The Courtyard Marriott in Long Beach gets a solid thumbs-up, four out of a possible five stars. Here’s the breakdown:
Check-In: A-plus. Only 68 seconds elapsed between the moment I entered the lobby and the moment I exited, key in hand. No waiting line.
I timed the whole process on a Timy. I’m sending the audit tape to Francesco Cattaneo at F.I.S. tomorrow, along with a hot poker and instructions to shove both the timing tape and the hot poker up his useless Swiss ass.
Shower: A solid “B”. Water pressure is fantastic. Nice big shower head, located overhead rather than the despised sternum-high location. The bowed-out curtain rod (for additional maneuvering room) was a nice touch. However, I never give a rating higher than a “B” for a shower that’s built in a traditional-sized bathtub. The whole thing is too small. In order for a shower to earn an “A”, it must be at least 5′ X 5′, and the shower head must be a minimum 6’4″ off the floor, since I’m 6’2″. If I can palm all four walls without moving my feet, the shower is too damn small.
I wonder if there is one shower in all of Europe that would rate an “A”. The Euros may have designed the Airbus 380 and the Ariane rocket, but they have zero engineering expertise when it comes to shower technology. Perhaps that’s why they all reek.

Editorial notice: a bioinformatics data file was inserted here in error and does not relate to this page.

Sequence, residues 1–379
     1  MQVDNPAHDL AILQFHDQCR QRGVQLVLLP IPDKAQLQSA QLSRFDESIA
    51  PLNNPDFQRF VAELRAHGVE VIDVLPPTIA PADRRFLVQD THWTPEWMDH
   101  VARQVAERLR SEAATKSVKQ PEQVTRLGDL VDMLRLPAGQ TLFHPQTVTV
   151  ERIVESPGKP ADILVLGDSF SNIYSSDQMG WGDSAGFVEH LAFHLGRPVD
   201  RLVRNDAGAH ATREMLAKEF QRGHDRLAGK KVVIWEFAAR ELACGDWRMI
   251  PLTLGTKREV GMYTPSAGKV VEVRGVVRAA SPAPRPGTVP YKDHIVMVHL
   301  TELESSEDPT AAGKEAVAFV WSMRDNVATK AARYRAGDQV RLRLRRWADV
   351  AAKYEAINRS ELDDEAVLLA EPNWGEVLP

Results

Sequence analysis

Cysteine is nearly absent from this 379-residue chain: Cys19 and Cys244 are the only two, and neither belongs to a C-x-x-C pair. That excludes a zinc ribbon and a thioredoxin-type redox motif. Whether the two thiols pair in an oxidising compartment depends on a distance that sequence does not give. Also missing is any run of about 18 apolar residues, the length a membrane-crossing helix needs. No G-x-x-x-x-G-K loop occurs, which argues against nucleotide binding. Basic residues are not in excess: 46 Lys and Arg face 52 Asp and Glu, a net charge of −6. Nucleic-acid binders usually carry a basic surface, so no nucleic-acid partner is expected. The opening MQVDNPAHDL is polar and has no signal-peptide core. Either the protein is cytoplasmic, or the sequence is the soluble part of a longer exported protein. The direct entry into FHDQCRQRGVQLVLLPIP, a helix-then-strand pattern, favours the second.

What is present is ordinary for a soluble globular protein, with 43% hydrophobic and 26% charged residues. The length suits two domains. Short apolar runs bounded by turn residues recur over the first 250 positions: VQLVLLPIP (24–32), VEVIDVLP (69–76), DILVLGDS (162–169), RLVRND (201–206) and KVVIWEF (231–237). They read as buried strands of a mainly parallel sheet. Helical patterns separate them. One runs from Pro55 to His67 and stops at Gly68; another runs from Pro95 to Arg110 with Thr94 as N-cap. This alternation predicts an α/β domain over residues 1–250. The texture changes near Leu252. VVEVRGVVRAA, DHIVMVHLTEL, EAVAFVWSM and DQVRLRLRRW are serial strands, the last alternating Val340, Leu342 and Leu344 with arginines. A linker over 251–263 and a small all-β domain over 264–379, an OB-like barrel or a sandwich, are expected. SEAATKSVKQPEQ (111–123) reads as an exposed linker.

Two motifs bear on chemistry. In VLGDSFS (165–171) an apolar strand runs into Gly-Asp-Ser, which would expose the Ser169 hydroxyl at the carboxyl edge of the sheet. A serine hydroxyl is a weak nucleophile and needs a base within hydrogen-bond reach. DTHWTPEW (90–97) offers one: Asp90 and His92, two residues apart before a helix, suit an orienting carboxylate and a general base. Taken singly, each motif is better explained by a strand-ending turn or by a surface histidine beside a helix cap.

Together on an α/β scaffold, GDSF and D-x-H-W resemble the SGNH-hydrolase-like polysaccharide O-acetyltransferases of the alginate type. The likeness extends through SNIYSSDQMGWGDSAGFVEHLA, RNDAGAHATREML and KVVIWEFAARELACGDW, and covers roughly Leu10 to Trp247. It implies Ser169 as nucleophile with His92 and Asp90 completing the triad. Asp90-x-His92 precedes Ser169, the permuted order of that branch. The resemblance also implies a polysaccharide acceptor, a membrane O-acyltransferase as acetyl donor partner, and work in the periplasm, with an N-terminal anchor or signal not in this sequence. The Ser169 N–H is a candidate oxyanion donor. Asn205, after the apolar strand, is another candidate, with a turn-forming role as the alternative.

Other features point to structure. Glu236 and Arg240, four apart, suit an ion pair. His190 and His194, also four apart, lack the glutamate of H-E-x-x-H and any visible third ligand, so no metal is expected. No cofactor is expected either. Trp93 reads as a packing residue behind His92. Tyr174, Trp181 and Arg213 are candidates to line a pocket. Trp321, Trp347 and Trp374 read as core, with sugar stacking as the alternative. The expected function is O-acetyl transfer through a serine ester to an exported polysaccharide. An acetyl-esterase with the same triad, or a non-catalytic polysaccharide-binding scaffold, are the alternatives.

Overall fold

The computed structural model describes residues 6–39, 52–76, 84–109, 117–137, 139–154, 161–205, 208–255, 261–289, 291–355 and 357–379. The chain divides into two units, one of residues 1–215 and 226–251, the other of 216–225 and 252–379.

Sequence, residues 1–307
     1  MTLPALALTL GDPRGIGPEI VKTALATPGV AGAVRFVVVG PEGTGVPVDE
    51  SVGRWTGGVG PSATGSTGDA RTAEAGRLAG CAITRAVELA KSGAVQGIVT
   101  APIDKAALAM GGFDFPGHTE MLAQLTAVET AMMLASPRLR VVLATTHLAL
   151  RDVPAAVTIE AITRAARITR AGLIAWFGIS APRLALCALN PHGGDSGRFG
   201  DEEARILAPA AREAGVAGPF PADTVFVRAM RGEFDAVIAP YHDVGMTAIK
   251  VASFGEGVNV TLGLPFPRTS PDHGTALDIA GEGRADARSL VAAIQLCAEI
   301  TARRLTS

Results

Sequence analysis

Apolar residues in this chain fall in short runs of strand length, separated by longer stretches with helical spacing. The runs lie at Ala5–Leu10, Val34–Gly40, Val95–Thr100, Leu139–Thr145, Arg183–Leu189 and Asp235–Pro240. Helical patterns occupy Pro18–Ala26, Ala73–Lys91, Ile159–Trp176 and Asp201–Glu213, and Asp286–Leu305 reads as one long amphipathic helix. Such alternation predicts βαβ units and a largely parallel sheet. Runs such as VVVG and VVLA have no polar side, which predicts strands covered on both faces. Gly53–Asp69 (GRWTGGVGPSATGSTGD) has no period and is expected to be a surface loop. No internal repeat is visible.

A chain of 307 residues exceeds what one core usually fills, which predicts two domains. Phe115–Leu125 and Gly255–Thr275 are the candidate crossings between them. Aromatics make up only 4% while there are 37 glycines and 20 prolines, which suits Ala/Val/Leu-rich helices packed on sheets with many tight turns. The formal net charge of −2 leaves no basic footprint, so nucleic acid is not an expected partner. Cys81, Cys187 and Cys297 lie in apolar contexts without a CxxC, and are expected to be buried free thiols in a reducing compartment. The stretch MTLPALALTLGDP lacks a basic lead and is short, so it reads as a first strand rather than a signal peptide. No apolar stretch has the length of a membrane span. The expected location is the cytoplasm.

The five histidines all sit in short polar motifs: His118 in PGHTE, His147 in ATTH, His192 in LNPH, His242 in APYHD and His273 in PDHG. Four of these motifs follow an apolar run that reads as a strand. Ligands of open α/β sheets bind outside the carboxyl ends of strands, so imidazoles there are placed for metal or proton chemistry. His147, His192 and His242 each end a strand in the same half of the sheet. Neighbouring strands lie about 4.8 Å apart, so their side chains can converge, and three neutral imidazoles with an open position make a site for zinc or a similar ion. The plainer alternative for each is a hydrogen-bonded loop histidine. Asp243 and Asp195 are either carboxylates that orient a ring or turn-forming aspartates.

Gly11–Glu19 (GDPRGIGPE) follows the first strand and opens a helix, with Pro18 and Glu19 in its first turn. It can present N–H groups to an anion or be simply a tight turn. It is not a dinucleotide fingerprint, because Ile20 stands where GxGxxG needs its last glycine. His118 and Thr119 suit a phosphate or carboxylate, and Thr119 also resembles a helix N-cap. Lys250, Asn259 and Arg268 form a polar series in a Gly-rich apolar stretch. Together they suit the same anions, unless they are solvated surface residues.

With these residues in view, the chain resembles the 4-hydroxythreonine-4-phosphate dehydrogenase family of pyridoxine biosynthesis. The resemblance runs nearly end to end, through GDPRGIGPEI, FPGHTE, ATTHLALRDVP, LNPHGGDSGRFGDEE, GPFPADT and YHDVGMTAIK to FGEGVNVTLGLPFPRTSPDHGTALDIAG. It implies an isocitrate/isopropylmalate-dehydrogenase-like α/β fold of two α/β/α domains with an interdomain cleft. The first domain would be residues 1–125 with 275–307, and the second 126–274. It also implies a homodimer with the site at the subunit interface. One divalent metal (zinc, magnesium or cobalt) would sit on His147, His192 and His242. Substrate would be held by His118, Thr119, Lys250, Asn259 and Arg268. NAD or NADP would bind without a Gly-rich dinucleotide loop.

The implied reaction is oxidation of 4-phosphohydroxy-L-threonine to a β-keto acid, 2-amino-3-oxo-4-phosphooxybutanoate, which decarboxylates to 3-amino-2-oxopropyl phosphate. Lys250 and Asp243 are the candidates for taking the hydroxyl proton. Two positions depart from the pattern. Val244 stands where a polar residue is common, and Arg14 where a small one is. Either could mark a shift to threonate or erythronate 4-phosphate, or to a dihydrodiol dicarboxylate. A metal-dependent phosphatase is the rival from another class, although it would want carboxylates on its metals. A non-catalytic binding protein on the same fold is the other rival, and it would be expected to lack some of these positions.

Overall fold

Morning Beverage Availability: A-plus. There’s a local java place across the street. I got my usual half half-caff, half decaf, with a twist of lemon.
Just kidding. I don’t like coffee. I drink tea.
Starbucks is about 6 blocks away, but I don’t like Starbucks. Starbucks serves a brand of tea called “Tazo”, which tastes like dirty socks. If I have no other choice, I’ll go to Starbucks for tea, because at least the water is hot and clear. Nothing worse than drinking tea where the hot water is run through a coffee-maker, and tastes vaguely like coffee before you even insert your teabag. Bleccccch.
I always carry emergency backup teabags in my briefcase. Sometimes, like last night on the way out of Santa Clarita, you find yourself stuck at one of those huge gas station trucks stops, and they have nice clear hot water but a lousy selection of tea. I still have a bunch of TeeFix tea bags I bought in Kitzbuehel a few weeks ago in the pocket of my ski jacket, which I was wearing. Surprisingly, Austrians drink a lot of tea, and Austrian tea is damn good. So I bought a cup of hot water and used my own tea bag.
This season, my Precision Timing partner Ted Savage and I bought nifty red Spyder jackets for our FIS World Cup timing crew. I insisted on zip-off sleeves, which make the jackets a lot more useful (in my opinion). Well, before the Tour of California, I had worn mine maybe twice. During Lake Louise, the weather was too damn cold for a ski jacket (-37C!!) so I wore my coach’s coat, and then during Kitzbuehel, it was 50 degrees and raining most of the time, so I mostly wore a raincoat. But since this gig started, I have worn my Spyder jacket, with sleeves zipped off, at least 12 hours a day, every day. It’s pretty filthy, so on Monday night when I get home, that puppy is going into the washing machine. After I take a nice long hot shower in one of my squash-court sized showers, of course.